Other so-called advisors may try and sell you on their ability to predict the market. We’ll stick to time-tested methods.
Proven over decades
Let’s start with the basics, a little history on how our financial markets have performed over the past century.¹ Since 1928, the average annual return of large US Company Stocks has been a little better than 9.5%. Over that same time frame, the return of safe, short-term (3 month) US Treasury Bills has been about 3.4%.
The difference is real
At first glance, the difference between these two may not appear that significant but when we look at both of these from a different angle, the difference becomes massive. $100 invested in 3-month US Treasury bills back in 1928 would have grown to be worth $1,928 by the end of 2016. But had you invested $100 in a basket of large US Company stocks (the S&P 500 to be precise) back in 1928, it would have grown to be worth an astounding $301,239 by the end of 2016.¹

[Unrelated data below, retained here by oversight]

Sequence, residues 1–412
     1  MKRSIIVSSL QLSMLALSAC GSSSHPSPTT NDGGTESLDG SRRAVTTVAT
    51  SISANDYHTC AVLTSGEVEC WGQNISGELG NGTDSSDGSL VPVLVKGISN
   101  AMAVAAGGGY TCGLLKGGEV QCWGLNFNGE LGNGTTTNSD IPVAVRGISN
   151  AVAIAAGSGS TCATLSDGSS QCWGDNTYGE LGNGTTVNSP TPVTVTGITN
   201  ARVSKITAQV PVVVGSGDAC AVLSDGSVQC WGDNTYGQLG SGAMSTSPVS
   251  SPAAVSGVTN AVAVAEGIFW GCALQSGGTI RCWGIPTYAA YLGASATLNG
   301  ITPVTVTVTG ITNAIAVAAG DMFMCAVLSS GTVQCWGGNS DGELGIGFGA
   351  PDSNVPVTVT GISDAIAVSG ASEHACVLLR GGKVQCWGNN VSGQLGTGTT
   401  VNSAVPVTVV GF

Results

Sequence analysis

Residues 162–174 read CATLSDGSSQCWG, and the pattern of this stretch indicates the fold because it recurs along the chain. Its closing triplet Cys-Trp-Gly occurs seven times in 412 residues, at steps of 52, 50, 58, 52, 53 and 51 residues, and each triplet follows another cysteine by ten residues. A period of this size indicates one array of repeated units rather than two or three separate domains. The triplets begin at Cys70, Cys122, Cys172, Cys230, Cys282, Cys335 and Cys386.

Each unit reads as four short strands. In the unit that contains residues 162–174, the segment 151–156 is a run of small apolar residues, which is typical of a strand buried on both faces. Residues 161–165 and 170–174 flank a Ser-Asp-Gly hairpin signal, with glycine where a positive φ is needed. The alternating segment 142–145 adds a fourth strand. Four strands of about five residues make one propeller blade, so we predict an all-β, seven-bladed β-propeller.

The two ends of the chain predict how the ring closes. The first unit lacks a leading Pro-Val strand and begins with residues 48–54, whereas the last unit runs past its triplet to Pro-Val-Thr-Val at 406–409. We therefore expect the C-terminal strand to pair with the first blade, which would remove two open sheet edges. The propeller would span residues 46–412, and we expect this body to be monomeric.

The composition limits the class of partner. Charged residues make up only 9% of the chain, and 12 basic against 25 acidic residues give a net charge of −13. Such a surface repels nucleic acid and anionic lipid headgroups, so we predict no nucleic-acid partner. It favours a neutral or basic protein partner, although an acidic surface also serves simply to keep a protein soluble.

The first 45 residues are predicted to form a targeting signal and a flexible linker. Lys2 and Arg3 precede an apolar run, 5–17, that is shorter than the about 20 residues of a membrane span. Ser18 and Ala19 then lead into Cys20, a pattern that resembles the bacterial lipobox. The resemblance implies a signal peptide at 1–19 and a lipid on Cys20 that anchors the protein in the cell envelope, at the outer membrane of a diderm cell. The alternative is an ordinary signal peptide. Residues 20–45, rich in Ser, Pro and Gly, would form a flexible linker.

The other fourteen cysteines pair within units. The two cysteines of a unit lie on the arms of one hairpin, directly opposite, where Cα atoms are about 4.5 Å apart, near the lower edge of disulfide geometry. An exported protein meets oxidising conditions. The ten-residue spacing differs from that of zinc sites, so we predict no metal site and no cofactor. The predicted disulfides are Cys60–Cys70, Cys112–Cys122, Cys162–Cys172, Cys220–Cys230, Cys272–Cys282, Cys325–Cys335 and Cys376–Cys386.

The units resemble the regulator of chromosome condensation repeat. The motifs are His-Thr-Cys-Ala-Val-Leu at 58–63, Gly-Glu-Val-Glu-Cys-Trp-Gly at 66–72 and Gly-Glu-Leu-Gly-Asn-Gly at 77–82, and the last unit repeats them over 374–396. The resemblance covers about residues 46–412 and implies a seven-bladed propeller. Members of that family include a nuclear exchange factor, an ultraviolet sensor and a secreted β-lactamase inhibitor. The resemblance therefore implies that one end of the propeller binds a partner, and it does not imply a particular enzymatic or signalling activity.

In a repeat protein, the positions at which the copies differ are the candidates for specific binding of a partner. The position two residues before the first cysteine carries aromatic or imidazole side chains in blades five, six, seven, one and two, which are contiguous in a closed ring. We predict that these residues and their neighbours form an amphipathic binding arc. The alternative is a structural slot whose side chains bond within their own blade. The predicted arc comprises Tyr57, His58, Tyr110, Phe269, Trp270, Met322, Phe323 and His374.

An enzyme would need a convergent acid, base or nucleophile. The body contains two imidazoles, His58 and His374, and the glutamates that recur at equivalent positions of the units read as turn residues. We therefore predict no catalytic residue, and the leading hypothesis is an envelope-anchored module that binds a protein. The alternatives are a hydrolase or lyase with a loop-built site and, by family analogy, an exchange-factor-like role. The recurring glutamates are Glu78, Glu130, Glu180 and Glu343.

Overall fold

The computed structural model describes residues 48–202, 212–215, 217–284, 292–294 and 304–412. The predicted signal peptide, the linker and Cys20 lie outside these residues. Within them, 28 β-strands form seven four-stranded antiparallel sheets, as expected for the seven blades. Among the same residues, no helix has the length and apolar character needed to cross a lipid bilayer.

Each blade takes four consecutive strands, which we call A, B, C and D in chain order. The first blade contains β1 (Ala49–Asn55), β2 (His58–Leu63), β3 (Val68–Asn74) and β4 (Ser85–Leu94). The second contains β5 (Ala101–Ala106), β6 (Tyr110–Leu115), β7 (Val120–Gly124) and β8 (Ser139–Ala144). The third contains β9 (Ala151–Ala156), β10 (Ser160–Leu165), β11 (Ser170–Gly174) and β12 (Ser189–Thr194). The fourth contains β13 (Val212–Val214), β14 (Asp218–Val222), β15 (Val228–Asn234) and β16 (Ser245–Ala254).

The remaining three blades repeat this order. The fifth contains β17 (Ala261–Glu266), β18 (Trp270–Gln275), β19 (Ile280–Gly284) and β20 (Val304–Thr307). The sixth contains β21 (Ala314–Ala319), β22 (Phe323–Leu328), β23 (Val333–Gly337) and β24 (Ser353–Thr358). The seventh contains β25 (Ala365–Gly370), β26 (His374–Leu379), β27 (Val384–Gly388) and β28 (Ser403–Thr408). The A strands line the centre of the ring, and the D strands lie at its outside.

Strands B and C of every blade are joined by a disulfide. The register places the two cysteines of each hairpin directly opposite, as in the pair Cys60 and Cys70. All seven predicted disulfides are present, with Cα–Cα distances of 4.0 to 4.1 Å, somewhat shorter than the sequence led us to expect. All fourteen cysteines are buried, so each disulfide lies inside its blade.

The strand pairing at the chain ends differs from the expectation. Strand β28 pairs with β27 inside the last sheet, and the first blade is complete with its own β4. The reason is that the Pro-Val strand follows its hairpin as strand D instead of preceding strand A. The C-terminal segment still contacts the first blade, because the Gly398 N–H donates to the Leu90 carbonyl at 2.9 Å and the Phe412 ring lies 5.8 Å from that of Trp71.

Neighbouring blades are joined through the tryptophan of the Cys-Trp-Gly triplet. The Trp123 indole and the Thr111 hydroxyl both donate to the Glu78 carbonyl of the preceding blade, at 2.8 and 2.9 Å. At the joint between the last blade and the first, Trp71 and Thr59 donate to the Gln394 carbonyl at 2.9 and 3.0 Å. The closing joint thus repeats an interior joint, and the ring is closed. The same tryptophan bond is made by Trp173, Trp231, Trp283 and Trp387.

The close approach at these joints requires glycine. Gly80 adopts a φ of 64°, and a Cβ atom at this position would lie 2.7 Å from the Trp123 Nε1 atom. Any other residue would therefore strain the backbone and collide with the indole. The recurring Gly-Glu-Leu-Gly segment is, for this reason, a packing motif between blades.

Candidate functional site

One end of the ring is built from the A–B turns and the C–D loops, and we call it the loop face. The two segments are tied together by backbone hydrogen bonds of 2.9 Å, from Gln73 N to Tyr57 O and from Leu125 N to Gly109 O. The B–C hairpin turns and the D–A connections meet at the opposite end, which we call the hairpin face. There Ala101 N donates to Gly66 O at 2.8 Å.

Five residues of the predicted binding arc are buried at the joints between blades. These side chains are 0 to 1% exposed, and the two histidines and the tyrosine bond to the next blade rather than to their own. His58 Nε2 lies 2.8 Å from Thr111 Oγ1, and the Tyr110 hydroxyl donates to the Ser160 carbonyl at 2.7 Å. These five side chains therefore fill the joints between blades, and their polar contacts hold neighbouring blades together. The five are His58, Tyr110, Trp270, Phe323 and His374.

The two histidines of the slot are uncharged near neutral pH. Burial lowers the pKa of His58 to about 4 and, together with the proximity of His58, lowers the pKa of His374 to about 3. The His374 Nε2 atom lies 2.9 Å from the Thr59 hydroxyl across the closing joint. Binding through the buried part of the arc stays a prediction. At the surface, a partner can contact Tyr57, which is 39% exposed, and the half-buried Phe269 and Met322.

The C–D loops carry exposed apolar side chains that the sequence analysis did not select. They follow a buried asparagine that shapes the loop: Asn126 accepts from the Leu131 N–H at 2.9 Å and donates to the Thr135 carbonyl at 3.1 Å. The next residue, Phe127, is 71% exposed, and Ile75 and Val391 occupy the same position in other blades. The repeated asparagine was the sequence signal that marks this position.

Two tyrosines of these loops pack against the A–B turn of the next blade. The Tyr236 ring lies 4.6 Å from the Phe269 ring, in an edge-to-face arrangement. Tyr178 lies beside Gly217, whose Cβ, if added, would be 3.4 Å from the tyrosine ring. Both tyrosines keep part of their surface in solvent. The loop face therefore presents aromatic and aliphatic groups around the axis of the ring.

Market roller coaster
Now granted, that $100 investment into stocks would have taken you on a pretty wild ride of ups and downs over the past 88 years, whereas the investment into the 3-month treasury bills would have bored you to sleep with consistent (albeit small) returns year after year. But if you don’t need to access any of that $100 investment you made, should the ups and downs in the stock market really affect you? We think not. This is precisely the attitude all young people should have concerning their retirement account. This is money that is 100% intended for that glorious day in the future when you can smash your alarm clock for good. Endure the temporary downs so you can be around long enough to reap the rewards of the ups.